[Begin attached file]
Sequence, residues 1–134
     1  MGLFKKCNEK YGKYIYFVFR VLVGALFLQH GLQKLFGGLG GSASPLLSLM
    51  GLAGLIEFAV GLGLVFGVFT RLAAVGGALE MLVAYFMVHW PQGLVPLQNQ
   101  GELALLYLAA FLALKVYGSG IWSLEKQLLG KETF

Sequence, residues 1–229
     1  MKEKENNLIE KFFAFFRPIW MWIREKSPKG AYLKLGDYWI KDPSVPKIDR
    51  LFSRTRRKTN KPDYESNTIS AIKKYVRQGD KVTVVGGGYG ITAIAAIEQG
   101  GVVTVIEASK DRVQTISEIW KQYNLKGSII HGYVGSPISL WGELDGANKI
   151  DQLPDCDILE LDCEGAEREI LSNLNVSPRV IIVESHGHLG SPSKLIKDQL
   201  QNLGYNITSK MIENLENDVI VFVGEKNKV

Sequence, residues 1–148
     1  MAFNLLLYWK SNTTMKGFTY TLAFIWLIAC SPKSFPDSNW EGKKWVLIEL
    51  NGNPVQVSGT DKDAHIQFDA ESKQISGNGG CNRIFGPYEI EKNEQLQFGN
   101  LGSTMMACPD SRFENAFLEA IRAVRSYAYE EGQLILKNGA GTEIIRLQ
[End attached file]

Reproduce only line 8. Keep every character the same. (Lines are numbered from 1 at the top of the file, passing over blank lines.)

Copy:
   101  GVVTVIEASK DRVQTISEIW KQYNLKGSII HGYVGSPISL WGELDGANKI